1 Products and services may be offered by Royal Bank of Canada or by a separate corporate entity affiliated with Royal Bank of Canada, including but not limited to Royal Mutual Funds Inc., RBC Direct Investing Inc. (Member–Canadian Investor Protection Fund), RBC InvestEase Inc., RBC Global Asset Management Inc., Royal Trust Company or The Royal Trust Corporation of Canada
A version of this article originally appeared on Mydoh
Even if your child isn’t a natural inventor, many kids possess an entrepreneurial spirit. They have a way of thinking that actively looks for ways to change things, rather than just waiting to see how things change.
It’s that spirit that saw Warren Buffett selling chewing gum door-to-door as a boy and Canadian construction mogul Kelsey Ramsen working as flag girl on the Alaskan highway at 14.
Why encourage your child to be an entrepreneur?
If your career has consisted of a steady 9-to-5 job, the idea of raising an entrepreneur may feel alien to you. However, the reality is the workplace is rapidly evolving. Today, of all employers in Canada, 1.18 million are small businesses, and Canada ranks as one of five countries where women entrepreneurs reported high levels of innovation.
Another perk to becoming an entrepreneur is the potential to earn more than in a traditional job (while changing the world). Hey, just ask Bill Gates or Larry Page. You may not recognize Larry’s name, but you’ll likely recognize the company he helped cofound: Google. These people aren’t just entrepreneurs; they’re also leaders in their industries.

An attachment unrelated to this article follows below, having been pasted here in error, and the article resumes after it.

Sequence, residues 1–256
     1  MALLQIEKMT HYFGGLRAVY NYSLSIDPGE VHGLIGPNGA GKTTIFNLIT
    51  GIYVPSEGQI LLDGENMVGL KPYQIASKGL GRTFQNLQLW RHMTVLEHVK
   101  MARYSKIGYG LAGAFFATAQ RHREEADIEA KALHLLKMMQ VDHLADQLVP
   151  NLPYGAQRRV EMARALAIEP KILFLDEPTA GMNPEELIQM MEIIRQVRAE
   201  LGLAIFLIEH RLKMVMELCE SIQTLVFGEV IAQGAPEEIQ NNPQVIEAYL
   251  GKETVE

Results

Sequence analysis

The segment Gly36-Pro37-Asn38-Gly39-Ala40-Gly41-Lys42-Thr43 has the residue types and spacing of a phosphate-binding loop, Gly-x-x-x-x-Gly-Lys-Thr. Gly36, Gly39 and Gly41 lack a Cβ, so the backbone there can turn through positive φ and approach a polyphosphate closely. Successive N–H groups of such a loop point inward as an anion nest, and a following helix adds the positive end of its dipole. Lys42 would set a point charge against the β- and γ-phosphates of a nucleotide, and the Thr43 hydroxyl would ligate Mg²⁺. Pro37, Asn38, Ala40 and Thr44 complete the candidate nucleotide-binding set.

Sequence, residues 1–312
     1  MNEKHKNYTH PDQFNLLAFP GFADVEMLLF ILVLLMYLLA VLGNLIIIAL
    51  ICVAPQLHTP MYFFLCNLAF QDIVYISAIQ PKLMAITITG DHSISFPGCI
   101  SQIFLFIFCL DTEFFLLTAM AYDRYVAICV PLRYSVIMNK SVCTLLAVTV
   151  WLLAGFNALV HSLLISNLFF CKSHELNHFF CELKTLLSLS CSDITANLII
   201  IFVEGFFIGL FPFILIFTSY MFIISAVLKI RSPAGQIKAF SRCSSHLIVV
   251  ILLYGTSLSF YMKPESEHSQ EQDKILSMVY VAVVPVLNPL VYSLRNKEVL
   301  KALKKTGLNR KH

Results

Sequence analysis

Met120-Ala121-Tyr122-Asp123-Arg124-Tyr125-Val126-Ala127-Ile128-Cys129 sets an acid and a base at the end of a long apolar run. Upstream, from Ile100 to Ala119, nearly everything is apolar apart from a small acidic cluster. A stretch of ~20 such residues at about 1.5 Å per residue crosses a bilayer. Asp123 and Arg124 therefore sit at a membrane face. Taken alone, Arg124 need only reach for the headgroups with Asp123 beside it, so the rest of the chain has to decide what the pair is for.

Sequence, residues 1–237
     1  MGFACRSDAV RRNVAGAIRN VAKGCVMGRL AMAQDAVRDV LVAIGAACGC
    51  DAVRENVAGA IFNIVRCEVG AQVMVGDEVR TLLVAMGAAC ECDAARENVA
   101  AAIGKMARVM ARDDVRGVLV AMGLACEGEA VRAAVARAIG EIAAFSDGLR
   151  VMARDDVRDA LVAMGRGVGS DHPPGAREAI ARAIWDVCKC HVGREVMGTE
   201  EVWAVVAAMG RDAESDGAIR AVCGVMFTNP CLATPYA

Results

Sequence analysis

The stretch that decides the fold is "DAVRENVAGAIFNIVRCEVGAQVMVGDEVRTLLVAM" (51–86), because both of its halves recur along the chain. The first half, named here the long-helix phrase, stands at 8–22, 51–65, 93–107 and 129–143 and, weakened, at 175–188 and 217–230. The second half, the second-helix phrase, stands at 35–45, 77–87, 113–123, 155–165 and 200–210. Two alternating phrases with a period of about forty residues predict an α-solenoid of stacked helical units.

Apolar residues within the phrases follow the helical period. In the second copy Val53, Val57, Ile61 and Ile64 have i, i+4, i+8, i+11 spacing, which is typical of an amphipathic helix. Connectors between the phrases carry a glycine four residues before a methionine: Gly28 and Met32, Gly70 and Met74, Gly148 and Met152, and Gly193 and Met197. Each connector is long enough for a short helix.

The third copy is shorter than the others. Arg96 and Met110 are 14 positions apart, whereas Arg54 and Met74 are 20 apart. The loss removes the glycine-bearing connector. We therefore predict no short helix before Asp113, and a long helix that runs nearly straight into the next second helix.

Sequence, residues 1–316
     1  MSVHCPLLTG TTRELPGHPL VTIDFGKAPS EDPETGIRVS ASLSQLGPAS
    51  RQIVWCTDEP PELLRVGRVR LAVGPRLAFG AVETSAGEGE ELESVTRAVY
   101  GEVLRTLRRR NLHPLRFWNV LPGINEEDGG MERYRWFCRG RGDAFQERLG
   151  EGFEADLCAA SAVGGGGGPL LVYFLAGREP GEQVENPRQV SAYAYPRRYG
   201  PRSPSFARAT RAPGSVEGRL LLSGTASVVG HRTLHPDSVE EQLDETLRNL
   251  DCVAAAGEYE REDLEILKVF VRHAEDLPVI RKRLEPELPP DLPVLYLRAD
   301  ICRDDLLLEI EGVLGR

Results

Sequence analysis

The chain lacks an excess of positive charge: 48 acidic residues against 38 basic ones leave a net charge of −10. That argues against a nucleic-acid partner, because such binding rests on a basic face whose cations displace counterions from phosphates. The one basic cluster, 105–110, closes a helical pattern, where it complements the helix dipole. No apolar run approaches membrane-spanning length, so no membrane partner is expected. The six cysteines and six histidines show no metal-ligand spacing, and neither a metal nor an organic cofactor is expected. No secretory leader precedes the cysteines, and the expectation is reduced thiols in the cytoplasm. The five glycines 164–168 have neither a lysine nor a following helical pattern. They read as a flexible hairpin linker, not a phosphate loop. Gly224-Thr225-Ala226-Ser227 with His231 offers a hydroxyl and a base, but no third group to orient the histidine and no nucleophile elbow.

5 tips to encourage your kid to start their own business
Today’s 8-year-old is tomorrow’s leader. Here are 5 ways you can encourage your kids to become future entrepreneurs:
1. Consider what they’re good at
Kids are all born with gifts and talents. What they love to do as kids can hold the key to our future career path — even if those talents seem like nothing more than play at the time. Look at what your kids have a natural affinity for and what they love to do. Often it’s the one and the same thing. A talent for baking, drawing, or technology could all be the basis of a future side business.
2. Introduce them to entrepreneurial people
It’s easier for kids to imagine becoming an entrepreneur if it’s modelled for them. Most people don’t have Bryan and Sarah Baeumler or Oprah on speed dial, but it might be as simple as spending time with a friend who turned their passion for jewelry making into a side-hustle online, or a graphic designer who creates logos for small businesses in their spare time. Let your kids see examples of others who are pursuing their passion. Create opportunities where your kids can ask them questions and have others share their experiences.
3. Teach them how powerful ideas can be